8) Does the Green Knight play by the rules of courtesy? Is he ultimately a negative or a positive figure? The Green Knight plays by the rules of courtesy. The Green Knight keeps to his word and is loyal, which is a big aspect to keeping with the rules of courtesy. He shows this when he first explains the game to Sir Gawain. The Green Knight game allows Gawain to take the first swing at him, “Now hold your grim tool steady And show us how it hacks.” (ln.412-413). He makes sure that Sir Gawain understands the rules and that he will stick to the game, as the Green Knight will too. This is shown when he repeats the part of the game where Sir Gawain must find the Green Knight after a year, “Sir Gawain, forget not to go as agreed, And cease not to seek till me, sir, you find” (ln. 447-448)The Green Knight is kind when approaching King Arthur and the knights about the game he wants to play, which is also playing by the rules of courtesy, but “Where is,” he said,
“The captain of this crowd?” Keenly I wish
To see that sire with sight and to himself say my say.(ln.224-226) The Green Knight is ultimately a positive figure because although his game is not very courteous, he does play by the rules of courtesy in such ways as remaining loyal, truthful, and kind. 2) What is the symbolism of the three beast hunted by Bertilak? The symbolism within the three beasts hunted by Bertilak is that the manner of the animal was the manner of the lady of the house on that given day. The first day a deer was being hunted. On this day, the lady of the house was acting like a deer in ways that she did not go straight to her point, but instead darted around the subject, much like a deer would do in the woods. “Not, not so, sweet sir,” said the smiling lady,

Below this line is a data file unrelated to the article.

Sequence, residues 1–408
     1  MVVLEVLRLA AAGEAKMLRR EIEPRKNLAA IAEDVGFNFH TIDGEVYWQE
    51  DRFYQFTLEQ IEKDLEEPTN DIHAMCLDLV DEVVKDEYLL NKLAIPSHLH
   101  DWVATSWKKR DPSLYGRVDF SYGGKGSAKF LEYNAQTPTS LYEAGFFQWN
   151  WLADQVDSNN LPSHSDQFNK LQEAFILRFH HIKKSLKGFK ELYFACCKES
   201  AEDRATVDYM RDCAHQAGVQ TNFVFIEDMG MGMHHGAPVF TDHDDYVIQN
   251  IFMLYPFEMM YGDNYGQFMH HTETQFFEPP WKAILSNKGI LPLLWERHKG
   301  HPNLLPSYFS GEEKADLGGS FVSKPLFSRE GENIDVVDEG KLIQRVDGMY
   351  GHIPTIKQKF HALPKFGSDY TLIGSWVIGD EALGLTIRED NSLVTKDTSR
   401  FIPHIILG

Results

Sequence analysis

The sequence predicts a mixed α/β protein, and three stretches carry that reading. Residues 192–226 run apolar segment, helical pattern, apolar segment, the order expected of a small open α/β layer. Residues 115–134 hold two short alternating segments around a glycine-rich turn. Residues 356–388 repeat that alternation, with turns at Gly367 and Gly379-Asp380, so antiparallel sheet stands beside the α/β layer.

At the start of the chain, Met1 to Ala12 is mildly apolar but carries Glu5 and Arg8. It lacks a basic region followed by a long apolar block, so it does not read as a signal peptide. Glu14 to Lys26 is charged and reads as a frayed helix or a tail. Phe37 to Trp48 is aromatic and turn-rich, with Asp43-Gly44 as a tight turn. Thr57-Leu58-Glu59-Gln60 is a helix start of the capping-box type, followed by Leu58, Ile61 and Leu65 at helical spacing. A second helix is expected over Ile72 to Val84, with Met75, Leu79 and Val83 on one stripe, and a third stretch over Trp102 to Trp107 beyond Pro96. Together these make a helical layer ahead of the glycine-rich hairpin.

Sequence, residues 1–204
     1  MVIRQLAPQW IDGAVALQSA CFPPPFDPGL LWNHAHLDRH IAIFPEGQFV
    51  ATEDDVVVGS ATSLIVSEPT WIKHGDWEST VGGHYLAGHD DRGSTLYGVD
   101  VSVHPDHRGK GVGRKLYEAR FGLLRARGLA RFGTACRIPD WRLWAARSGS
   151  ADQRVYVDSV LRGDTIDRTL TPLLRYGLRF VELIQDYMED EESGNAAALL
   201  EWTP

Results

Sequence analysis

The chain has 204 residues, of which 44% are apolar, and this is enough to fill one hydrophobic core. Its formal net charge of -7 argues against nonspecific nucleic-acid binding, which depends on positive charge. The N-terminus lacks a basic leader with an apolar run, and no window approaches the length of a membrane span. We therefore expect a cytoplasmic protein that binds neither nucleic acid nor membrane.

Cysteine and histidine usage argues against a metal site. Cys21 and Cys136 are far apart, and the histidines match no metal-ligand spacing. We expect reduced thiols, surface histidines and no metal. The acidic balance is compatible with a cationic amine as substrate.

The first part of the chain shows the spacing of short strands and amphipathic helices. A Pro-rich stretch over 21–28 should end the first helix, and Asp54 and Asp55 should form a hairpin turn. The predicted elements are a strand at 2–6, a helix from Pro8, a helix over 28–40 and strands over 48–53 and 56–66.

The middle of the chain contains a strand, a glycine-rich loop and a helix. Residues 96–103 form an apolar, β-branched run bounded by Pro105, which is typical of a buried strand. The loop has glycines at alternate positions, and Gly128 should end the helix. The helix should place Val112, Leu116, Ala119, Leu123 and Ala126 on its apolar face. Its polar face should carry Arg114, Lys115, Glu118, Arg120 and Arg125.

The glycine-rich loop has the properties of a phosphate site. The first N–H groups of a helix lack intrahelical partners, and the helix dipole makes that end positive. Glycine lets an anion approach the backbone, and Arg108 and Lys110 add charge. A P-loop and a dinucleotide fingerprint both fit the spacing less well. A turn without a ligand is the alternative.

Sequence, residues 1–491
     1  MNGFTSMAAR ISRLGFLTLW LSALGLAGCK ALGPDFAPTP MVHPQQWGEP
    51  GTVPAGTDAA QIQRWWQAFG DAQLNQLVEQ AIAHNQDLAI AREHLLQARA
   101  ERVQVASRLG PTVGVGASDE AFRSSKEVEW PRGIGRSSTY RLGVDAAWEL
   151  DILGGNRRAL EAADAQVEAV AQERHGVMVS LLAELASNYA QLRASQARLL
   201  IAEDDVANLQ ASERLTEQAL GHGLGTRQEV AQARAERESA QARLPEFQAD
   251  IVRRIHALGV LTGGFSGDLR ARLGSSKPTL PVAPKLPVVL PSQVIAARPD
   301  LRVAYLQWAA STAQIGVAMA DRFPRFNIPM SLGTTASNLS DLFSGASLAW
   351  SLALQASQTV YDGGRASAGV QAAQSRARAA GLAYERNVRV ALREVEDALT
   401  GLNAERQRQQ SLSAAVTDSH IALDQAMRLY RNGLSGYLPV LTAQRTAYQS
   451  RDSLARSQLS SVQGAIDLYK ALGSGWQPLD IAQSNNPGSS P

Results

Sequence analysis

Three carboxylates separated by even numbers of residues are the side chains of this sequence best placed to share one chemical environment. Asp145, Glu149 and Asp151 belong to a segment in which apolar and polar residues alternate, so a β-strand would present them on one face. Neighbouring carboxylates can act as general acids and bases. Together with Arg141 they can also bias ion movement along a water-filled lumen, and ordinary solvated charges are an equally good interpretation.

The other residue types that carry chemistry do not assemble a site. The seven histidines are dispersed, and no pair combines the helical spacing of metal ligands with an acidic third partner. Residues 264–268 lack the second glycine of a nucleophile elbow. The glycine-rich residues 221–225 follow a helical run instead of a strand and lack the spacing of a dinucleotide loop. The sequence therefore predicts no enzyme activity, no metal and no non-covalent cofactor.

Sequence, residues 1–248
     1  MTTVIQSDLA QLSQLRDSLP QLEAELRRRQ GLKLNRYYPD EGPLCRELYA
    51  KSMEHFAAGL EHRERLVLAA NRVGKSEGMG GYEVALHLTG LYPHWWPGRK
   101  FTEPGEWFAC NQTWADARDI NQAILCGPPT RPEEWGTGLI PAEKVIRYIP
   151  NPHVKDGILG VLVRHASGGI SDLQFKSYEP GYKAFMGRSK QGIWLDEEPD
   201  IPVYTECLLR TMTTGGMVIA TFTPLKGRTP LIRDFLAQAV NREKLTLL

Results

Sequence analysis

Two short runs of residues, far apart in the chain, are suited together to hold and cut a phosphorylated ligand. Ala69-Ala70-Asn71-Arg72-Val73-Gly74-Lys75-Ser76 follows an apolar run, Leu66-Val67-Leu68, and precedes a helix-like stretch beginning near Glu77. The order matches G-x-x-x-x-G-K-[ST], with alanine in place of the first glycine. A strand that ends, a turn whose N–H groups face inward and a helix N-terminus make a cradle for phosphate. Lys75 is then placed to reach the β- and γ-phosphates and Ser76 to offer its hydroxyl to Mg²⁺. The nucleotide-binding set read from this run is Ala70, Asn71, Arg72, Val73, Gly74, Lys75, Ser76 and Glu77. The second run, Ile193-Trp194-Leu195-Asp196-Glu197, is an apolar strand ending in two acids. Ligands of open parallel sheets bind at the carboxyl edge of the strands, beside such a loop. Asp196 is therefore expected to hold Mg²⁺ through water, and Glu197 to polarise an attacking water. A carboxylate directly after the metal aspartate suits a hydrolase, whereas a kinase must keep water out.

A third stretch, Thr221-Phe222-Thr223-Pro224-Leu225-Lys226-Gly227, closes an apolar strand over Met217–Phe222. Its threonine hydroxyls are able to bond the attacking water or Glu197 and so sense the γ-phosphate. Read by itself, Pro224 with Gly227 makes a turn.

“You shall not rise from your bed; I direct you better:
I shall hem and hol you on either hand,” (ln. 1223-1225)
The lady approaches Sir Gawain on the first day very nice and gentle, but avoids going straight to the point....
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